David Faulkner is a man on a crusade.
Stripped of his own right to permanent residency and citizenship in Australia, he has become a tireless advocate for other New Zealanders caught by the 2001 changes to Australian social security rules.
The rules removed access to most Australian welfare payments, benefits and supports, creating two classes of expat Kiwis - those resident in Australia before the changes who continued to have permanent residency, and a new class who can live, work and pay taxes indefinitely, but without the welfare net and loans to help pay for higher education.
They also caught up New Zealanders who were overseas at the time and who, regardless of the time they had previously lived in Australia or their investment in homes, families and businesses, suddenly became "temporary" residents. Mr Faulkner was one of these.
He had arrived in Australia at the age of 6, been educated at Australian schools, worked for Australian companies, and married an Australian wife.
But he was temporarily seconded to his company's European office at exactly the wrong time.
And even though he arrived back in Australia before the legislation was passed, the law was retrospective and he had unknowingly been swept up in it. "I was not notified that I was affected and I had no idea that my rights had been stripped until I applied for citizenship in 2005," he said.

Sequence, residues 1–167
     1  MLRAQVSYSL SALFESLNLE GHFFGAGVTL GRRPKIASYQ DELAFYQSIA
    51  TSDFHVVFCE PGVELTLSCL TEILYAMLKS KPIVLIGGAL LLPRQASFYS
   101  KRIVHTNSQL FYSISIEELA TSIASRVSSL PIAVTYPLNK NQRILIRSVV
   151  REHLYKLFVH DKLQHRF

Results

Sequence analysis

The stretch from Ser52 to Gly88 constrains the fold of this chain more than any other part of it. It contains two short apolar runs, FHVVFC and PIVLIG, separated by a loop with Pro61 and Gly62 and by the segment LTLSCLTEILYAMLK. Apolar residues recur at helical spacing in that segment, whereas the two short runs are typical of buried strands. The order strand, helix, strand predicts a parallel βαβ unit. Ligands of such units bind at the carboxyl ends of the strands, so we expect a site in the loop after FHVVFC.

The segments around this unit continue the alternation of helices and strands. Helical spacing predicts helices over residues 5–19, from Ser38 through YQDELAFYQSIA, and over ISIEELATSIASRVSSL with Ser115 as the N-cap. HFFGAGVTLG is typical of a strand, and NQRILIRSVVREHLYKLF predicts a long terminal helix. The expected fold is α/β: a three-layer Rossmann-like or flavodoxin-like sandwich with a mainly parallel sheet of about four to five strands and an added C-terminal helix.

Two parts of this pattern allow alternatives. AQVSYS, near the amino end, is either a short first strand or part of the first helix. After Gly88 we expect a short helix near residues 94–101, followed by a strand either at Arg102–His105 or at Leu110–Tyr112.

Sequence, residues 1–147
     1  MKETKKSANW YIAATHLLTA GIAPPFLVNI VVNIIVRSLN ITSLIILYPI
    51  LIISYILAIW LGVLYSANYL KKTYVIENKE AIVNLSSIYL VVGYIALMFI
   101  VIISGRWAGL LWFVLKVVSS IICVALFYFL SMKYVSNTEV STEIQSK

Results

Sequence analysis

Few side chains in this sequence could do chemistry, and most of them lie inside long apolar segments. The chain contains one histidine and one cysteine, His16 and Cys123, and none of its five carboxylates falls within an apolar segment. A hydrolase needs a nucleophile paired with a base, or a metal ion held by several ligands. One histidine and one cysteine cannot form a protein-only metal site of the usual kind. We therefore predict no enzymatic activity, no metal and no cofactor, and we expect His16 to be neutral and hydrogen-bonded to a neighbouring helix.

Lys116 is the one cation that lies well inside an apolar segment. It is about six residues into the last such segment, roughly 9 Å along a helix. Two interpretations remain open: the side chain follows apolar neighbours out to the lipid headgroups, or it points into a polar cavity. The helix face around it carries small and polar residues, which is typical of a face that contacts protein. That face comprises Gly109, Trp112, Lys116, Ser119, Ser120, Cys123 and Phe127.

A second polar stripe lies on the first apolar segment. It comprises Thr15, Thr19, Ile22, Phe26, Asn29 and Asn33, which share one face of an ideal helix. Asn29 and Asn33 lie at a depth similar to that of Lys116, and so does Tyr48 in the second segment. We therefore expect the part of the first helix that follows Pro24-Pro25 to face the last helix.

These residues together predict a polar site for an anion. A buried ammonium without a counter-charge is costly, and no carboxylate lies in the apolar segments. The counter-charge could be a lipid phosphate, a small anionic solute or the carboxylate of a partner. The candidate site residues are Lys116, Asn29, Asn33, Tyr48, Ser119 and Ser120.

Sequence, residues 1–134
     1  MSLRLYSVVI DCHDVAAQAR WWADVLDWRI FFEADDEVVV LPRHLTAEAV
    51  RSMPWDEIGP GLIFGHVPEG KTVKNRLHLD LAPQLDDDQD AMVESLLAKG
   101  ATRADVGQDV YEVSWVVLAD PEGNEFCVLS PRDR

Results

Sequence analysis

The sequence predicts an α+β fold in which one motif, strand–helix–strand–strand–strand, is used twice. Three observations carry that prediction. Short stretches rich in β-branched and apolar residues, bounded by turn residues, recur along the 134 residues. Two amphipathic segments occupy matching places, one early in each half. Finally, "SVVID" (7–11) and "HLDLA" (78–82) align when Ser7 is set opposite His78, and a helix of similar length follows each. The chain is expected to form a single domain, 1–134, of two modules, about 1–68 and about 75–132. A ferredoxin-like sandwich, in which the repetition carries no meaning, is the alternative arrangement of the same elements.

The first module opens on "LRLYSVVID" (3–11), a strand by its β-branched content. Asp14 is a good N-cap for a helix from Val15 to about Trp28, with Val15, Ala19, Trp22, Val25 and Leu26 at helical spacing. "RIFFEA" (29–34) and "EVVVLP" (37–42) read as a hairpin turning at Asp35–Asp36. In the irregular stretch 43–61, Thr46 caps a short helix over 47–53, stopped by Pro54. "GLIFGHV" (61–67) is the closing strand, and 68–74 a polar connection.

"I was aware to some extent of the changes, but they were advertised in the press as applying only to new arrivals.
"As I had arrived some 30 years beforehand I assumed that they didn't apply to me." Already outraged by the discrimination of the new rules, Mr Faulkner's anger was fuelled by the "lies" of the Immigration Department claiming the changes had been agreed to by the New Zealand Government.
Mr Faulkner said he found he was not alone in being misled. He said the Australian Parliament had also been duped into passing the legislation, and that then-Immigration Minister Philip Ruddock had continued to claim the changes had been necessary to implement the new social security treaty with New Zealand. The changes were unilateral, made by Australia alone and not part of any agreement with New Zealand.
"I swore that if I was ever discriminated against again I would fight it tooth and nail," Mr Faulkner said.
He has since led a long, hard and only occasionally successful campaign against rules he says discriminate against New Zealand and run counter to international treaties.
"The issue has wide-ranging ramifications - not just for New Zealanders but for all Australian residents.
"It makes clear that past and present Australian governments are far more interested in their budgets and their political futures than in treating their residents fairly and equally," he said.
"I was particularly disgusted when I found that disabled children were being denied government assistance."